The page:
Steven Chu, the nation’s new secretary of energy, told the Western Governor’s Association yesterday that solar, wind and geothermal energy sources were all high on President Obama’s wish list…but so was nuclear energy. Agricultural Secretary and former Iowa governor Tom Vilsack told the crowd that specialized training would be needed to equip construction workers for the task and that university engineering programs would also need to ramp up to alleviate the skills shortage.
This is all perfectly reasonable, but the timeline raises some questions. Assuming everybody agrees on the training issue and money is allocated, it would take two to three years to develop a curriculum, find the teachers, classrooms and work out the rest of the details before the tech schools would be ready to teach. Another two years would be required to train these construction workers. To train the engineers would take four to six years. Apprenticeships, ect., would take a few more years.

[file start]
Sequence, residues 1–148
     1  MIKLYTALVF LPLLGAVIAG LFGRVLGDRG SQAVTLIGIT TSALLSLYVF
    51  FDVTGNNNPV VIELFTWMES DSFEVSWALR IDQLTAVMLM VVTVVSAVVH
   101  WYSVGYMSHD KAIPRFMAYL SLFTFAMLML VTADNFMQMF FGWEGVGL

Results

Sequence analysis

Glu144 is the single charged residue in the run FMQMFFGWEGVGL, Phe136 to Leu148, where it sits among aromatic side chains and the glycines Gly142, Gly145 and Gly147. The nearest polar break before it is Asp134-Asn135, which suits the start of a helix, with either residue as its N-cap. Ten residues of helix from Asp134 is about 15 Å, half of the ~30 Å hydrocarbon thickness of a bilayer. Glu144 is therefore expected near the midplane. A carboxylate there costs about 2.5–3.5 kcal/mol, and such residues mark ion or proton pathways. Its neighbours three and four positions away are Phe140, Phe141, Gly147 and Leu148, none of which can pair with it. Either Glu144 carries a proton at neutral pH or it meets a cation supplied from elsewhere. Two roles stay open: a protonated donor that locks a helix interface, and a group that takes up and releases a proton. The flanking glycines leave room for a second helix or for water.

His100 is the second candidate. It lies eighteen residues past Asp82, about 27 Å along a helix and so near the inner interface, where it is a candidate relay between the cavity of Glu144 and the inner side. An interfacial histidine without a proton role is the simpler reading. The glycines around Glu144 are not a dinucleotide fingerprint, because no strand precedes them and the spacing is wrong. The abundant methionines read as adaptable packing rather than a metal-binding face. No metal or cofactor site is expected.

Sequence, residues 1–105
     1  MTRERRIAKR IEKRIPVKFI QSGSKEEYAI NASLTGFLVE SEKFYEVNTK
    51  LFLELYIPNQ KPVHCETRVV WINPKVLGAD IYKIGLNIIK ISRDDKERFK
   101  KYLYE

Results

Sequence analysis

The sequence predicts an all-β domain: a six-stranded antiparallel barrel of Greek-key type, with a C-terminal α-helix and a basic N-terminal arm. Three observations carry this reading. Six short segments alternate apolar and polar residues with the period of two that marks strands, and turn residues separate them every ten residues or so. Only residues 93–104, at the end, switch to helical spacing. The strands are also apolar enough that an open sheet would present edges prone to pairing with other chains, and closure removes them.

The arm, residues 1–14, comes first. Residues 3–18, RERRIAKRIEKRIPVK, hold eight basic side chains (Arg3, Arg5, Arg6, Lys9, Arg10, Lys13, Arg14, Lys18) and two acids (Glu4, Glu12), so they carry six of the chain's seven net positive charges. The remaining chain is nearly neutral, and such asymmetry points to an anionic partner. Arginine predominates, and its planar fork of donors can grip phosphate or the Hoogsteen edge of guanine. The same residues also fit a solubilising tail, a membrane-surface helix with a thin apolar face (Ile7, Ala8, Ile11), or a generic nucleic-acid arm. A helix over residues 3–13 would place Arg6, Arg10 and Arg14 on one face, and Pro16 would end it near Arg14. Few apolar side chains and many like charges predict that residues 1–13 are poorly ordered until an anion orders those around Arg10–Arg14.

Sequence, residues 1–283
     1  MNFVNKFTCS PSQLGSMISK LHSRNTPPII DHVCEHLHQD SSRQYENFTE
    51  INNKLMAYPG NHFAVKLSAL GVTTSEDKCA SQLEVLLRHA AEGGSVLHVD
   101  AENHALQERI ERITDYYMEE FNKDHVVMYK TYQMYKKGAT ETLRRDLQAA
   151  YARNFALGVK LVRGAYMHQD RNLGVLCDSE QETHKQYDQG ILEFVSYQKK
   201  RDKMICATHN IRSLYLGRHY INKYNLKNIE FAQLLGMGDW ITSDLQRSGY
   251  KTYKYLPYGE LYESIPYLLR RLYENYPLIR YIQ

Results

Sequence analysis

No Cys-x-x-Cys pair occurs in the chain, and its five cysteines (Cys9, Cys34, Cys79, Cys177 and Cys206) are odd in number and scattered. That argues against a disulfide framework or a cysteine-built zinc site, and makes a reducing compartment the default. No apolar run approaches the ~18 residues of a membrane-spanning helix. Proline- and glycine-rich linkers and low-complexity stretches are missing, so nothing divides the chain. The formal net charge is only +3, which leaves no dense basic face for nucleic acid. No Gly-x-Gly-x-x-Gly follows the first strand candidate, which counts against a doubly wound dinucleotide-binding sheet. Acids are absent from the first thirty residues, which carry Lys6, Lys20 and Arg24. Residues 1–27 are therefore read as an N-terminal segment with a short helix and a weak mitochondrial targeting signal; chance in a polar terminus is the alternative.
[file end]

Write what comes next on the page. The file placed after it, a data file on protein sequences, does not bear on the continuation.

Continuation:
So the question is how committed is the political class to a program that’s almost a decade away from any significant start up? Washington D.C. doesn’t do the long game very well, accomplishments being mostly limited to what can be bragged about in the next election cycle. The national Interstate highway program stretched out over three decades–and the groundwork for it in Washington took almost two full presidential terms. Does the governing class have that kind of forsight and stamina in the age of cable news and Twitter?